Feeling anxious? Having a panic attack? Buried under a cloud of depression? You might want to try adding a few scoops of yogurt to your daily diet.
That’s the suggestion of a study published on August 29th, in the Proceedings of The National Academy of Sciences. Here, a group of Irish researchers found that probiotics or “good bacteria” (some of which are found in foods like yogurt) may have the ability to significantly impact the brain chemistry involved in stress, anxiety and depression.
“These findings highlight the important role that gut bacteria play in the bidirectional communication between the gut and the brain, the gut-brain axis, and opens up the intriguing opportunity of developing unique microbial-based strategies for the treatment of stress-related psychiatric disorders such as anxiety and depression,” said one of the study authors Professor John Cryan from the Alimentary Phamabiotic Centre in University College in Cork, Ireleand.
Doctors have long known that receptors for mood regulating chemicals such as serotonin are found in the stomach as well as the brain. More recently however, there has been a growing body of evidence suggesting that by manipulating the level of bacteria in the gut, you may also manipulate and change not just the expression of the neurotransmitters in the stomach, but also how those in the brain respond as well. This week’s new study adds one more piece of evidence to the increasingly important puzzle of what causes anxiety and depression.
“This study indentifies potential brain targets and a pathway through which certain gut organisms [may] alter …brain chemistry and behavior,” says Cryan.
How the study was done
The study involved two groups of mice. In addition to their regular diet, over a period of 28 days one group of mice was given a plain broth, while the other group was fed a broth laced with a probiotic known as L.rhamnosus (JB-1). Probiotics are “live” cultures of bacteria that are thought to be healthy for our intestines.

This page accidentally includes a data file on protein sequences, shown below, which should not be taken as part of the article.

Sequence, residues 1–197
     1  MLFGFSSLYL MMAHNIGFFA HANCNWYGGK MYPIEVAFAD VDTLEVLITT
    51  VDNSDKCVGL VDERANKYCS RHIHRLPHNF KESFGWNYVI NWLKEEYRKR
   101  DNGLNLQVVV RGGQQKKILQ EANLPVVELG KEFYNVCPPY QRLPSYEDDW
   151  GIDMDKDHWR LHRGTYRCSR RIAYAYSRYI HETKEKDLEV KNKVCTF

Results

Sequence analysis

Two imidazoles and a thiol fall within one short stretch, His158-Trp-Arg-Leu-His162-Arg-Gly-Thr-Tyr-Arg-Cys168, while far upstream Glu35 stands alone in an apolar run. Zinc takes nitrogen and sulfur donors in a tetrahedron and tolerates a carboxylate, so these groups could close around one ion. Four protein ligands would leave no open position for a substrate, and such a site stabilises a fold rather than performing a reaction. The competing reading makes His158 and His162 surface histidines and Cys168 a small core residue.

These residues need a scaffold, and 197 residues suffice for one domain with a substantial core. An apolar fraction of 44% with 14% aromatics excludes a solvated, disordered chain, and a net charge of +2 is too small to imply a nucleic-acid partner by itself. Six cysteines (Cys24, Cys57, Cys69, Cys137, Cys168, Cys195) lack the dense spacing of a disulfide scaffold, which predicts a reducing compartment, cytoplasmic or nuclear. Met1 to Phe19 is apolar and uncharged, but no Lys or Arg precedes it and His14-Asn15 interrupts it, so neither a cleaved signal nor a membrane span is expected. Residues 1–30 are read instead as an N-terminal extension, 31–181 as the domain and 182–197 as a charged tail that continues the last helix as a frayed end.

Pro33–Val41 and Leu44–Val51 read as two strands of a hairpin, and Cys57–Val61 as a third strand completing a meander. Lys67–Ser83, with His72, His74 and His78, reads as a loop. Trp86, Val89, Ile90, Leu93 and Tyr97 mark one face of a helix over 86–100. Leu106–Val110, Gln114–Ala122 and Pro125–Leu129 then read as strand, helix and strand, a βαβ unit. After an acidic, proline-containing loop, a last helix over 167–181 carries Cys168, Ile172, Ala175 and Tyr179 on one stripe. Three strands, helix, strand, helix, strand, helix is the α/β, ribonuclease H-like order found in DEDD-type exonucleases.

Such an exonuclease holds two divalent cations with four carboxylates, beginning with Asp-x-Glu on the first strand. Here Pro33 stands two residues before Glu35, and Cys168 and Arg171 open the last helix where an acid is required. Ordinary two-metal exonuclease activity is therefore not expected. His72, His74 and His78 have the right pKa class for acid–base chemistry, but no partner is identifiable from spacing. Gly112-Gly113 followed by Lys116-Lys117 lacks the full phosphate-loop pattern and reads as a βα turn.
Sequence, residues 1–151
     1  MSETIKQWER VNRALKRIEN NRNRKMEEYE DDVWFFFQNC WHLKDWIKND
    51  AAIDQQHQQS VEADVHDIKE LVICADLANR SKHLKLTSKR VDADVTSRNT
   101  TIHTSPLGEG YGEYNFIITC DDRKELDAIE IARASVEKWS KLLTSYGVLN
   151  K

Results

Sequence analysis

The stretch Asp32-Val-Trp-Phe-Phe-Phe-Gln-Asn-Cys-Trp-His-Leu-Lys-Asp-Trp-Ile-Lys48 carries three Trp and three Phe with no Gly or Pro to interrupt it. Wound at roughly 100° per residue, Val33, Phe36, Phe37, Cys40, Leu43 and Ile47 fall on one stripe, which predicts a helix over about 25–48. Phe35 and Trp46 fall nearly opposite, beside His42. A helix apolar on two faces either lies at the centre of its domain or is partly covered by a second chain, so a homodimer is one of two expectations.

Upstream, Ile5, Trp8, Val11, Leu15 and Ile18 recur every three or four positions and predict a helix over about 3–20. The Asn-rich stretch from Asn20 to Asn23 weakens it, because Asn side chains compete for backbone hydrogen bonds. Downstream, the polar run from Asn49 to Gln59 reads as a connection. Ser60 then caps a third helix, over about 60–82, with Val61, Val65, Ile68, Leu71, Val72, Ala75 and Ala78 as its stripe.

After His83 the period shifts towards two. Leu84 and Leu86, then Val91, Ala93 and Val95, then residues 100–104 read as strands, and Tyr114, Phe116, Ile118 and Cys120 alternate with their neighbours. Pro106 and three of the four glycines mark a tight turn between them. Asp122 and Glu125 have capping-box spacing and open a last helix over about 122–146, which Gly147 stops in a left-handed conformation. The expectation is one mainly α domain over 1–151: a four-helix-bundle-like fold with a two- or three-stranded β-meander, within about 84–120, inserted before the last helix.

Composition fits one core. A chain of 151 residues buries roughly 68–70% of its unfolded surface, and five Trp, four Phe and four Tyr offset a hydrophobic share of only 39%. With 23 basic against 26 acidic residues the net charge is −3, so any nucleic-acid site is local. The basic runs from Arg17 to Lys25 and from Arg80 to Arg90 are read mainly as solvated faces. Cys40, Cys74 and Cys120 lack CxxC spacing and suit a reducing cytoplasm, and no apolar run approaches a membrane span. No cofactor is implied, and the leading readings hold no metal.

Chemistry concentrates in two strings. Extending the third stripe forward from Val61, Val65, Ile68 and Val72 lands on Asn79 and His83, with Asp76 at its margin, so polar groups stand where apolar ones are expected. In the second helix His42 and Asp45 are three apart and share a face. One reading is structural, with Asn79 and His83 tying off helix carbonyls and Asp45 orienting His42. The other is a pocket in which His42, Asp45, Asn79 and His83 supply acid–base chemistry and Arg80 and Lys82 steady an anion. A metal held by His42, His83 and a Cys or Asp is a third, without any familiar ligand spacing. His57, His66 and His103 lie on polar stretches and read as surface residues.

Some of the mice also underwent a surgery to remove a portion of their vagus nerve – the direct connection between the gut and the brain.
Toward the end of the 28 day test period all the mice were subjected to a variety of behavioral tests designed to measure responses to anxiety, fear, and even depression. They also underwent a series of blood and other fluid tests to measure brain and body chemicals associated with these conditions, including coticosterone, a key stress hormone.
The result: The mice who received regular feedings of the probiotic were less likely to be anxious or stressed, even in stressful situations, than the mice who had the plain broth – but only if their vagus nerve was intact. These mice also produced lower levels of the chemitcal corticosterone, a key hormone that is not just secreted in response to stress, but which can also plays a role in triggering a host of “fight or flight” chemical responses frequently associated with anxiety, including panic attacks.
The mice who had their vagus nerve truncated responded much like the mice who did not get the probiotics – their anxiety and stress reactions were high.
Thus, not only did the study illustrate that probitoics could help change brain chemistry, it also illustrated these changes occured in a direct path from the stomach to the brain